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By Thomas Escritt and Harro Ten Wolde
AMSTERDAM, March 13 The Dutch economy is
positioned to take advantage of a "worldwide upswing" but
financing for the small and medium sized companies that drive
growth remains a concern, central bank governor Klaas Knot said
Unveiling the central bank's annual report, Knot said he
hoped alternative sources of financing would take a greater role
in funding the Dutch economy, easing firms' dependence on banks.
"A lack of demand for credit is one part of this (financing
shortage) ... but there is a need for more risk-bearing capital
for SMEs," said Knot.
The bank's annual report suggested both venture capital and
"crowd funding from the general public" could help finance small
businesses, as could the country's giant pension funds.
The Dutch economy has returned to growth after a prolonged
period of sluggishness following the global financial crisis,
exacerbated by budget cuts and falling house prices.
Last week, the government forecast an expansion of 0.75
percent this year and growth of 1.25 percent in 2015.
Knot said that, with the crisis receding, it was time for
the Netherlands to consider returning to a "trend-based"
budgetary policy focused on conservative estimates of future
income, known as the Zalm norm after a former finance minister.
The Netherlands was forced to abandon this approach, which
had governed its budgetary affairs since the mid-1990s, when its
budget deficit breached the European Union's 3 percent limit
following the crisis.
The governing coalition has taken political flak for
pursuing tight fiscal discipline in order to bring the deficit
below the EU ceiling.
The central bank was cautious about proposals to raise bank
capital ratios, warning that attempting to strengthen lenders by
raising capital ratios to 5 percent rather than the 4 percent
currently envisaged risked sucking billions out of the economy.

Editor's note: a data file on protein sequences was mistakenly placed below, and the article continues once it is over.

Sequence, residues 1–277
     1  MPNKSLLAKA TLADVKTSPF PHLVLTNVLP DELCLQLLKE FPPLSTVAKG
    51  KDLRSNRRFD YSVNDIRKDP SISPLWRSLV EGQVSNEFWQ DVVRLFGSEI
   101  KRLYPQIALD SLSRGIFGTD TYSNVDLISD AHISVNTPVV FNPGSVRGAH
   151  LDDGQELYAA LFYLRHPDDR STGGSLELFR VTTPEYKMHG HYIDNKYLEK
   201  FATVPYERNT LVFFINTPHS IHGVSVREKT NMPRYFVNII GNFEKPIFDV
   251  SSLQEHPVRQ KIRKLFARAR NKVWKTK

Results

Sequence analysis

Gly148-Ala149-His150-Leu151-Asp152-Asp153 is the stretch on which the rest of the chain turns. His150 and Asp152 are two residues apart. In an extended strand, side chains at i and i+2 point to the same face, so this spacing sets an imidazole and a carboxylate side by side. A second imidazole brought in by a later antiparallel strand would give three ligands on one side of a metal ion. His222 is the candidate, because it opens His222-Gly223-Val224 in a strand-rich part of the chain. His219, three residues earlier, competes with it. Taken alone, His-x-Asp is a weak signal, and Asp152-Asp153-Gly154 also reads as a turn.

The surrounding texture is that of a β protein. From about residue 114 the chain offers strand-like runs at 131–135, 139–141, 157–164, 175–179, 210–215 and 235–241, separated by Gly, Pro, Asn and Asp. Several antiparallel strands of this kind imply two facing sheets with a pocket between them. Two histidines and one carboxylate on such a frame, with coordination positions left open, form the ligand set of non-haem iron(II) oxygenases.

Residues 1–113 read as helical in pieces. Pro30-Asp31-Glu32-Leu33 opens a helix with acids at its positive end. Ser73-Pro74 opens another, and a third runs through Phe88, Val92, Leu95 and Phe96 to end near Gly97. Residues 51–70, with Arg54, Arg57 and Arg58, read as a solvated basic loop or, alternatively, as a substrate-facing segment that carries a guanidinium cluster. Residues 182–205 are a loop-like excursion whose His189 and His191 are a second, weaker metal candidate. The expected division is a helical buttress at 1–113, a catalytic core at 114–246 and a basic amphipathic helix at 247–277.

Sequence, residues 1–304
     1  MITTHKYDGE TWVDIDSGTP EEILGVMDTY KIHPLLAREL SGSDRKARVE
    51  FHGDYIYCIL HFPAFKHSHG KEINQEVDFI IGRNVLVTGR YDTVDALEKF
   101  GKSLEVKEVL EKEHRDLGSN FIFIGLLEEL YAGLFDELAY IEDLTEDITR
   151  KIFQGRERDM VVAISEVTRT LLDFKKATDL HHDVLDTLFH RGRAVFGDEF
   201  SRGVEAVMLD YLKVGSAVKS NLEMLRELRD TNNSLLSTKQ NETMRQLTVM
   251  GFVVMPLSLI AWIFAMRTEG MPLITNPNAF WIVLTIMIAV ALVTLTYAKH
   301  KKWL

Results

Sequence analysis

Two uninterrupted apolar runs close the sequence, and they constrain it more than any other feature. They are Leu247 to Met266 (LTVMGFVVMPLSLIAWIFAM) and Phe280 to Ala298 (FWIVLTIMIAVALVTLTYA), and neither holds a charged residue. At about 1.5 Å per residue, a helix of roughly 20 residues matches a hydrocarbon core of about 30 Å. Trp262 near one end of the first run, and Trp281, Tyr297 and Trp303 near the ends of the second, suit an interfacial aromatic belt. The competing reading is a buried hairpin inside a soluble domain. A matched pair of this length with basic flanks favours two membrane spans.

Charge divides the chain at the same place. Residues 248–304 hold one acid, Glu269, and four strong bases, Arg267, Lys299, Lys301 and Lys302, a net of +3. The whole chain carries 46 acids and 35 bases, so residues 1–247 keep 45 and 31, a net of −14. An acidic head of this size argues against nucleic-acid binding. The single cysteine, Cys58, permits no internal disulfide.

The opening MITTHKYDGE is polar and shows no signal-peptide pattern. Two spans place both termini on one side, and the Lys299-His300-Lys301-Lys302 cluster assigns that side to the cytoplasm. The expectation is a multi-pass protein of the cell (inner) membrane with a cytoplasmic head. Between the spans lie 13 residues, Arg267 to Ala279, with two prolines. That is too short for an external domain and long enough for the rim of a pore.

"Investors are not eager to invest in banks at the moment,"
director of banking supervision Jan Sijbrand said, adding that
raising the amount of capital banks must hold to cover potential
losses would almost certainly lead them to cut lending.
Knot, a member of the European Central Bank's governing
council, said he saw little need for further unconventional
monetary policy measures in the euro zone as stability returns
to the bloc, although he repeated that he would be in favour of
dropping interest rates to below zero if needed.
He saw deflation risks as limited, saying: "I don't think it
(deflation) will get out of hand."
"If that changed we would need to look again at whether we
should do anything on monetary stance, the interest rate, or
something about the monetary transmission process," Knot added.
"We have deployed instruments in both directions before."
In its report, the Dutch central bank said the biggest
challenge for euro zone members was to stick with structural
reforms, in particular freeing up labour markets, which would
raise trend growth rates.
The bank also said euro zone monetary authorities would need
to move away from existing unconventional monetary policies -
such as ultra-cheap funding for banks - while avoiding negative
side-effects from their withdrawal.
(Reporting by Thomas Escritt and Harro ten Wolde; Editing by